Predicting a France Starting XI for World Cup 2014
Looking ahead to the 2014 World Cup in Brazil, it is clear that a number of Didier Deschamps' preferred options for les Bleus will have reached maturity by that stage. That will likely give the former Juventus, Monaco and Marseille coach a strong squad that could compete for the title, assuming the individuals continue on their current trajectory.
One thing that has always undermined France when going into major international tournaments has been a lack of team spirit and a minimal if non-existent sense of unity.
Deschamps knows that les Bleus need to overcome this if they are ever to recognise their full potential on the international stage once again. To offset this, he has concentrated on selecting domestic-based players where possible given their familiarity with one another.
Add to that some troubled elements including Yann M'Vila, Samir Nasri and Andre-Pierre Gignac, and Deschamps' XI starts picking itself. With the likes of Yohan Cabaye unlikely to be able to hold down a regular starting position given injury, form issues, and the improving abilities of his Ligue 1-based competition, there arises some competition for places within the side.
That said, it isn't too much competition.
It seems Deschamps already has a firm idea of who figures in his plans even at this early stage, what will be most intriguing is if he perseveres with certain underperforming elements from France's foreign-based contingent.
Tottenham's French international custodian will be 27 by the time the tournament rolls around. You'd have to assume that given the lack of options currently available, he will still be captain in Brazil.
France's most talented netminder and one of Europe's best by far; Lloris is almost indispensable regardless of who is in charge of les Bleus.
Peerless on the pitch and quiet, but influential off it, Lloris' role will be important in 2014.
Set to become part of Newcastle's Gallic contingent, Yanga-Mbiwa has quickly become a reliable presence for Deschamps in his early tenure. Partnered with Paris Saint-Germain star Mamadou Sakho, the former Montpellier man would be the coach's preferred starter, it seems, ahead of Adil Rami who is less technically gifted.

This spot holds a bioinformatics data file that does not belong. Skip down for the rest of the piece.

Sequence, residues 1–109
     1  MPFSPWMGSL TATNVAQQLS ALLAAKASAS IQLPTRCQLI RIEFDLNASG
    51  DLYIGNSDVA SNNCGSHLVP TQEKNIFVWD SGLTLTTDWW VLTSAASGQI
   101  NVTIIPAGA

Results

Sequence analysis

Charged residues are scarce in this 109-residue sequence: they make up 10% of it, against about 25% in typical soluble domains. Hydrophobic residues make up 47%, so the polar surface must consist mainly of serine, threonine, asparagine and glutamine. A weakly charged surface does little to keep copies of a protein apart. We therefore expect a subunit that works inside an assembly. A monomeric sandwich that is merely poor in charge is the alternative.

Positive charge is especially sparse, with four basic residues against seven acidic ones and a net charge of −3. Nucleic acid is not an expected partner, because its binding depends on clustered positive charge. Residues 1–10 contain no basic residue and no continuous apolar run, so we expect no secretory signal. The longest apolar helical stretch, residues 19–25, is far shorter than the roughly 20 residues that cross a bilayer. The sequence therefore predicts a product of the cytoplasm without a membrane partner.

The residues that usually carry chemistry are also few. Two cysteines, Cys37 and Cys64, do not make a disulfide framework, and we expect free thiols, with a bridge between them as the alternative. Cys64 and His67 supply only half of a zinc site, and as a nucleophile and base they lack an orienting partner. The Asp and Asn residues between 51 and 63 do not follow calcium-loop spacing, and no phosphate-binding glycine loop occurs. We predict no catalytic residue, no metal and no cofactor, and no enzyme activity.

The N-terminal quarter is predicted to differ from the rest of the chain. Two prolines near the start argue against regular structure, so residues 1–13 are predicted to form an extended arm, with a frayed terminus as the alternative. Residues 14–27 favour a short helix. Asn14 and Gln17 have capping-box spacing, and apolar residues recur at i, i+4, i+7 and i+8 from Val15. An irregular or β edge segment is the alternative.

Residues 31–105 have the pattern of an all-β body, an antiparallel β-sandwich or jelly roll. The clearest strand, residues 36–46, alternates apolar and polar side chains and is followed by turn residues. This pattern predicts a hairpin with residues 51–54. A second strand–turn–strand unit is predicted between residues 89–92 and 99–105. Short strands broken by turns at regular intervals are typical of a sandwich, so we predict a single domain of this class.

Philippe Mexes was one of the cornerstones of Laurent Blanc's side, but Deschamps has disposed of him and has opted for youth. In the long-term he will be rewarded, it is a question of waiting and seeing, though, with regards to Brazil, whether that gamble has already paid off.
He will be 25 by the time the competition starts and well on his way to becoming a world-renown defender.
The same, too, could be said for Sakho, but a lot will depend on his club form and how often he plays.
An undisputed starter for Deschamps currently, Sakho has not been an automatic choice for PSG boss Carlo Ancelotti since the arrival of Thiago Silva. If he is Silva's regular partner by this point, then he will be on the plane barring injury or a drunk and disorderly debacle a la Yann M'Vila.
If not, then a move to another big European club could keep him in contention. But so long as he is playing regularly for PSG, even if it is not every week, then it seems likely that Deschamps will have him pegged as a starter.
Sakho would be 24 come kickoff; he and Yanga-Mbiwa are viewed as the future and rightly so. With Deschamps set to lead les Bleus in 2016 on home soil, expect that relationship to be given every opportunity to thrive.
Newcastle's attacking right-back has excelled since being given the chance in place of Arsenal's Bacary Sagna when injured. Expect Debuchy to keep his place from now on.
This is one of the positions that Deschamps is more flexible with, but given Sagna's age and his preference for youth, expect the World Cup and European Championship winner to stick with Debuchy.
Debuchy will be 28 in Brazil and approaching his prime, and on current form he'll be a starter.
Usurped Patrice Evra at left-back during the European Championships, but the Manchester United defender has retained his place in Deschamps' selections thus far.